1. The First Born Son – The First Born Son is the ghost of Billy Michaels, a boy who loved cowboy films above all things. Any attempt by his parents to drag Billy out of his fantasy world of Cowboys and Indians would send him flying into a rage. One day, a neighbor boy challenged him to a duel, using a bow and a real steel-tipped arrow that he found in his parents’ closet against Billy's toy gun. Billy died when the neighbor shot the arrow through the back of his head. Billy's ghost is dressed in his cowboy suit and holding a tomahawk, with the arrow still protruding from his head, his ghost whispers "Wanna play?".

2. The Torso – The Torso is the ghost of a bookie named Jimmy "The Gambler" Gambino. Having established a reputation as a professional gambler, Jimmy attracted the attention of a mobster named Larry “The Finger” Vitello. Larry approached Jimmy to place a large bet on a long shot in a heavyweight boxing match. Knowing the risk of placing bets for the Mafia but needing to uphold his reputation, Jimmy agreed to place the bet and shook hands with Larry, sealing his fate, after the fighter Jimmy placed the bet on took a deciding blow, Jimmy was cleaned out of all his money. Jimmy found himself unable to pay off Larry’s bet when he arrived to collect his winnings, so Larry chopped him into several small pieces, wrapping them in cellophane, and dumping them into the ocean, his ghost appears as his decapitated, legless torso, wrapped in cellophane and trying to walk around on its hands as his head, also wrapped in cellophane, lies screaming on the floor.

3. The Bound Woman – The Bound Woman is the ghost of Susan LeGrow, a girl with a wealthy background and a penchant for playing with boys' affections, leaving a long trail of broken hearts. On the night of her high school senior prom, Chet Walters, a football player she was dating, caught her cheating on him with another boy; the next morning, the boy was found beaten to death and Susan went missing. Two weeks later, she was found buried beneath the 50-yard line of the school's football field, bound in rope and strangled to death; Chet was convicted of her murder and placed on death row. Before he was executed, Chet’s final words were “The bitch broke my heart, so I broke her neck”, her ghost is wearing her prom dress with a tie wrapped around her throat and is hanging from the ceiling with her hands tied behind her back.

4. The Withered Lover – The Withered Lover is the ghost of Jean Kriticos, Arthur's wife. She was burned severely while saving her family from a devastating house fire one night, and died of her injuries in the hospital, her ghost initially appears in a hospital gown, hooked up to an IV pole and showing severe burns on her face. However, after the destruction of the machine, her ghost is wearing her normal clothes and her burns have vanished. Unlike the other ghosts, she is not a vengeful spirit and tries to help her family.

5.The Torn Prince – The Torn Prince is the ghost of Royce Clayton, a 1950s high school baseball star with a bad attitude and a superiority complex. As the star slugger of his baseball team, every college in the country courted him, all offering him an opportunity to escape his small town life, but one day, during a drag race against a greaser, he died when he lost control of his car, Lil’ Sweetheart, and drove off of the road, flipping three times and bursting into flames. Royce was buried in a plot overlooking his favorite baseball diamond, his ghost carries a baseball bat, and parts of his face and body are torn to shreds from being dragged underneath his car while it flipped three times. He uses the bat as a melee weapon, and while inside his containment cube, he swings the bat against the glass walls, trying to break free.

6. The Angry Princess – The Angry Princess is the ghost of Dana Newman, a young woman blessed with the physical beauty of a goddess, but cursed with the inability to recognize it. Driven to depression and self-loathing by a string of abusive boyfriends, she began to work for a plastic surgeon who paid her in nose jobs, breast implants, and hundreds of other unnecessary cosmetic procedures. One night, she tried to perform surgery on herself to fix an imperfection on her face only she could see, but the attempt left her blind in one eye, she committed suicide in the bathtub by cutting herself with a butcher knife until she bled to death. After she died, people said that she was as beautiful in death as she was in life, her ghost is naked, still holding the knife and showing all the self-inflicted wounds, and her cube is drenched in blood.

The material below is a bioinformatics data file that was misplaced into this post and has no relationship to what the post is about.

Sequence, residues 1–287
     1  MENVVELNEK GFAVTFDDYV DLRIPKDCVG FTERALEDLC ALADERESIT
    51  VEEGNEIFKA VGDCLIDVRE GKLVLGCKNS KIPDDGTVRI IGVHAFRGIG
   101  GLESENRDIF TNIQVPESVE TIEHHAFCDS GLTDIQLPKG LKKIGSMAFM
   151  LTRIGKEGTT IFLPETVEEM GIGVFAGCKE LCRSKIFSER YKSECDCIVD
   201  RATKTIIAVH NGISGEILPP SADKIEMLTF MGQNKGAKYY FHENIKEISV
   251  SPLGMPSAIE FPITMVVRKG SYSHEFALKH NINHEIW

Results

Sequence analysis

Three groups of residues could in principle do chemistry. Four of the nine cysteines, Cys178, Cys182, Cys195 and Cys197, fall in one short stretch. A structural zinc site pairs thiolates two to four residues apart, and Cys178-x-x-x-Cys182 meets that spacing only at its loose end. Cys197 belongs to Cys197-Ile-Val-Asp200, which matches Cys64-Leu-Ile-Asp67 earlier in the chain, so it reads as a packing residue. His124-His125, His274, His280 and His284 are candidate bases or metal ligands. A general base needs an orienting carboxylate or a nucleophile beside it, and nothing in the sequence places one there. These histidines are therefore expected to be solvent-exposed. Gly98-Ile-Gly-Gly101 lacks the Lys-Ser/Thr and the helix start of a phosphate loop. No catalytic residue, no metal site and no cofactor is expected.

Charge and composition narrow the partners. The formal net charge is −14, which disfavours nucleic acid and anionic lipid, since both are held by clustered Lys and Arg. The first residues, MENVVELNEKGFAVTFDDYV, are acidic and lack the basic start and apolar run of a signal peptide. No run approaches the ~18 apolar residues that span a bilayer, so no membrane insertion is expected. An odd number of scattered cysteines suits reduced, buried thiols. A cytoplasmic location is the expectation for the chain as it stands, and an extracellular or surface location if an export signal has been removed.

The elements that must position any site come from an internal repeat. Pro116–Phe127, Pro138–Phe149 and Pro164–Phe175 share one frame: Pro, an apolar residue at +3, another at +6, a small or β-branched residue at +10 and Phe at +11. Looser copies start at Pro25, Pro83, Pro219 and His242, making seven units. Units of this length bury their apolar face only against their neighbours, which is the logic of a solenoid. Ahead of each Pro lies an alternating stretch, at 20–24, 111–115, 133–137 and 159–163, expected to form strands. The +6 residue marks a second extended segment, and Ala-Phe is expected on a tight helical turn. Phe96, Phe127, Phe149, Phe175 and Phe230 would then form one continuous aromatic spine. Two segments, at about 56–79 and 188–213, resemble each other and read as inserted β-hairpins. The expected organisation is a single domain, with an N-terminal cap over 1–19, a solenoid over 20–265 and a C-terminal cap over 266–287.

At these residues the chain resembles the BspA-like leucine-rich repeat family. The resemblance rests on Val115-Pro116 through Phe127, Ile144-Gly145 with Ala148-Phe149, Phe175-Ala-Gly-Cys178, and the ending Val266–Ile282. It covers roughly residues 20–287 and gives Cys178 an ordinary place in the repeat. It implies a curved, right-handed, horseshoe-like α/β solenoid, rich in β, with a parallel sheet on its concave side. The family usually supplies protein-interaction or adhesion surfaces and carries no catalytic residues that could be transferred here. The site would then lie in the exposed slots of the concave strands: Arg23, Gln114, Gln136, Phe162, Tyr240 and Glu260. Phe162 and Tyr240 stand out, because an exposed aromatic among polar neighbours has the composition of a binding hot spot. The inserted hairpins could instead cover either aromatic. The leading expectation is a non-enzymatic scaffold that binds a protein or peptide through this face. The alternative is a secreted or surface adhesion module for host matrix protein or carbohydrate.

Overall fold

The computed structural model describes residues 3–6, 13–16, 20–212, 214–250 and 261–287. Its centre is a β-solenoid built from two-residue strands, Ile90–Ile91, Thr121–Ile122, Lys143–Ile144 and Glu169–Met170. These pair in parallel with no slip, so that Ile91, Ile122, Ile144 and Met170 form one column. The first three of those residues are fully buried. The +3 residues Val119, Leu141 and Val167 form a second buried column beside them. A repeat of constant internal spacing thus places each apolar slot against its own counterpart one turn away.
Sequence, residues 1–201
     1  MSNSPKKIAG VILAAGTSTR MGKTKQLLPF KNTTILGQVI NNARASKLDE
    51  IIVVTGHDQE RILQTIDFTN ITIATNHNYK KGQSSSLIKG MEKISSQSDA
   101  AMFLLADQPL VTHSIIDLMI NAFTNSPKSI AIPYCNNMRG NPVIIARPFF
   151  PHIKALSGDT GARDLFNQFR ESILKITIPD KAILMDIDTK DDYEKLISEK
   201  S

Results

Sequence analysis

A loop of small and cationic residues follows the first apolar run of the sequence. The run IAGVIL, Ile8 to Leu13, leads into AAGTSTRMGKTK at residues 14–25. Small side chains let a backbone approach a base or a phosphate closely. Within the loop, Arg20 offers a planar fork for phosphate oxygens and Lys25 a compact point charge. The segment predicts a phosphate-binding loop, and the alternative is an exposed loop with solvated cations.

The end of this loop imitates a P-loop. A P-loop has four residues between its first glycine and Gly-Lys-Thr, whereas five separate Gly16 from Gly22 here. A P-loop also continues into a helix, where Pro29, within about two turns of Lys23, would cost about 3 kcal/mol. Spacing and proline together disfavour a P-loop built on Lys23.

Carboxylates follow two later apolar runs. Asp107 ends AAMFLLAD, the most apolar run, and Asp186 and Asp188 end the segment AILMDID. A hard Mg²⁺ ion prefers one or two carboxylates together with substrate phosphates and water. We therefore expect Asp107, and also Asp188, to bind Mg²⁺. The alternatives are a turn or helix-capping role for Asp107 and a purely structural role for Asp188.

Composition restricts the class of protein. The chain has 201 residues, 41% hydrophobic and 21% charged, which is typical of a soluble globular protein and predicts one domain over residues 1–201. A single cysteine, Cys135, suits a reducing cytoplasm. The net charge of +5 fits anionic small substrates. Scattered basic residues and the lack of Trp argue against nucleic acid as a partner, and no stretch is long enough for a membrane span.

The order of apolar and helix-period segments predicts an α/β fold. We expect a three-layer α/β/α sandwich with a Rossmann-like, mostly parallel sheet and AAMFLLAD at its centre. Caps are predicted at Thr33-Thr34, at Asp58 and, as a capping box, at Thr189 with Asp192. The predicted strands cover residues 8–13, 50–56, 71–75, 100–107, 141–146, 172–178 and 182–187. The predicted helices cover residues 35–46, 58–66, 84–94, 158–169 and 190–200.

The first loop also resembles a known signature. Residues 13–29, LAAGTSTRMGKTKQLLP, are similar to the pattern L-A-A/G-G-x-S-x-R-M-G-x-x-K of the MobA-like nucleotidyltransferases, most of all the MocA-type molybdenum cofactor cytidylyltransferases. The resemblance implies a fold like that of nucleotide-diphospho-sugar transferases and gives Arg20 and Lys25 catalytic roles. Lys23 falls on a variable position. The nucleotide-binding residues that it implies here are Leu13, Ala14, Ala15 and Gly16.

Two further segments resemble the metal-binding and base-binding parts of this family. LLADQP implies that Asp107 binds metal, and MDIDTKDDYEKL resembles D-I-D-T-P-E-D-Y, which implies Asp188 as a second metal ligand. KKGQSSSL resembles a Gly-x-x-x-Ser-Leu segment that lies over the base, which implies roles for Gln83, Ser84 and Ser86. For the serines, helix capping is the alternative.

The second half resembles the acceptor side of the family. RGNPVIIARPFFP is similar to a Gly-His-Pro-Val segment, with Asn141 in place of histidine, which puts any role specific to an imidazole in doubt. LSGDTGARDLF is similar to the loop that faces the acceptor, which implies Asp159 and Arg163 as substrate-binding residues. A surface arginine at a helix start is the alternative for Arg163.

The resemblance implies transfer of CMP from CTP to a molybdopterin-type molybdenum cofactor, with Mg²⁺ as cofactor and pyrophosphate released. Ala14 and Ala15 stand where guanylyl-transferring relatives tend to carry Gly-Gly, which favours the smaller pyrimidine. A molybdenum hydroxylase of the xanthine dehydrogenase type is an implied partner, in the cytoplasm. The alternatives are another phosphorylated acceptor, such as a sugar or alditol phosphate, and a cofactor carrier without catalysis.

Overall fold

7. The Pilgrimess – The Pilgrimess is the ghost of Isabella Smith, a 17th-century New England colonist who came to America from England seeking a new home in a quaint New England town, but was shunned by other settlers who didn’t trust outsiders. Accused of witchcraft by the town preacher after the town’s livestock began to die from an unknown ailment, she fell under further suspicion when the preacher himself succumbed to that illness, the townspeople trapped Isabella in a farmhouse and set it on fire, but she miraculously emerged without any injuries. The astonished townspeople then locked her in the pillory and left her to starve to death after weeks of being spat on, cursed at, and having rocks thrown at her, her ghost still has the pillory's yoke locked around her hands and neck.

8 and 9. The Great Child and The Dire Mother – The Dire Mother is the ghost of Margaret Shelburn, a woman whose diminutive height of three feet tall constantly attracted stares from others. She joined a carnival freak show managed by a man named Jimbo, but was raped by one of the other members and gave birth to a son, Harold (The Great Child). Margaret spoiled Harold throughout his life, so that he always wore diapers and had to be spoon-fed even as he grew to a vast size and weight. One night, some of the carnival freaks kidnapped Margaret as a cruel prank, sending Harold into a panic-fueled rage, destroying the entire carnival as he searched for her. When he finally found her, she died of suffocation, he flew into a rage and killed the culprits with an axe, putting their remains on public display for every paying customer to see, and was in turn killed and mutilated by an angry mob when Jimbo found out what had happened. Their ghosts are always together, with Harold wearing a food/vomit-splattered bib and carrying the axe, while Margaret sometimes feeds him.[a]